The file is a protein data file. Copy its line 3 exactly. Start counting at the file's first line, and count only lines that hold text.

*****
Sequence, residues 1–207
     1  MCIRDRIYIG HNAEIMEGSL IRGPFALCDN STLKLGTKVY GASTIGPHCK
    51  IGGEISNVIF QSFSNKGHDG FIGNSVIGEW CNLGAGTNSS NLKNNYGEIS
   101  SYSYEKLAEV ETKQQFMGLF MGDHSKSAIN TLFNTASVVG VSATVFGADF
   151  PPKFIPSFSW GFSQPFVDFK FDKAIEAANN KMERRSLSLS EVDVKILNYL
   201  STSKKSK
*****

    51  IGGEISNVIF QSFSNKGHDG FIGNSVIGEW CNLGAGTNSS NLKNNYGEIS